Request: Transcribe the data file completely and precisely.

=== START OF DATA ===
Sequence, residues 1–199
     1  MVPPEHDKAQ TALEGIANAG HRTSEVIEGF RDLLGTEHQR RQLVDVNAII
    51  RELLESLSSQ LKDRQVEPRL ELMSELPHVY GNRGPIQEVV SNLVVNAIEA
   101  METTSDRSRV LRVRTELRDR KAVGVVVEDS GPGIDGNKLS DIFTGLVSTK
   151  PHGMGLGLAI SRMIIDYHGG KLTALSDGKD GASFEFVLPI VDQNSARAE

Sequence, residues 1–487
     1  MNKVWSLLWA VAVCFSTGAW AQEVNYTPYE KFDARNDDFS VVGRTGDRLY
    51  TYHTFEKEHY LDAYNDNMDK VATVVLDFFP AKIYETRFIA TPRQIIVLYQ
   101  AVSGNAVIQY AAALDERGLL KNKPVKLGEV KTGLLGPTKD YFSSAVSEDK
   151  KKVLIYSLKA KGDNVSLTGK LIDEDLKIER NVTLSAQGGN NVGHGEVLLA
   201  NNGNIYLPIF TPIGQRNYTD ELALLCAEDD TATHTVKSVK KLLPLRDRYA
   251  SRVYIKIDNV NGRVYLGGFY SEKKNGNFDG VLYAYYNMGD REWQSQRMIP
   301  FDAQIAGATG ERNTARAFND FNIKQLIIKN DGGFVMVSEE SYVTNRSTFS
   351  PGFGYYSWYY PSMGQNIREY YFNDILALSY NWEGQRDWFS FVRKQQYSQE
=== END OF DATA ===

Sequence, residues 1–199
     1  MVPPEHDKAQ TALEGIANAG HRTSEVIEGF RDLLGTEHQR RQLVDVNAII
    51  RELLESLSSQ LKDRQVEPRL ELMSELPHVY GNRGPIQEVV SNLVVNAIEA
   101  METTSDRSRV LRVRTELRDR KAVGVVVEDS GPGIDGNKLS DIFTGLVSTK
   151  PHGMGLGLAI SRMIIDYHGG KLTALSDGKD GASFEFVLPI VDQNSARAE

Sequence, residues 1–487
     1  MNKVWSLLWA VAVCFSTGAW AQEVNYTPYE KFDARNDDFS VVGRTGDRLY
    51  TYHTFEKEHY LDAYNDNMDK VATVVLDFFP AKIYETRFIA TPRQIIVLYQ
   101  AVSGNAVIQY AAALDERGLL KNKPVKLGEV KTGLLGPTKD YFSSAVSEDK
   151  KKVLIYSLKA KGDNVSLTGK LIDEDLKIER NVTLSAQGGN NVGHGEVLLA
   201  NNGNIYLPIF TPIGQRNYTD ELALLCAEDD TATHTVKSVK KLLPLRDRYA
   251  SRVYIKIDNV NGRVYLGGFY SEKKNGNFDG VLYAYYNMGD REWQSQRMIP
   301  FDAQIAGATG ERNTARAFND FNIKQLIIKN DGGFVMVSEE SYVTNRSTFS
   351  PGFGYYSWYY PSMGQNIREY YFNDILALSY NWEGQRDWFS FVRKQQYSQE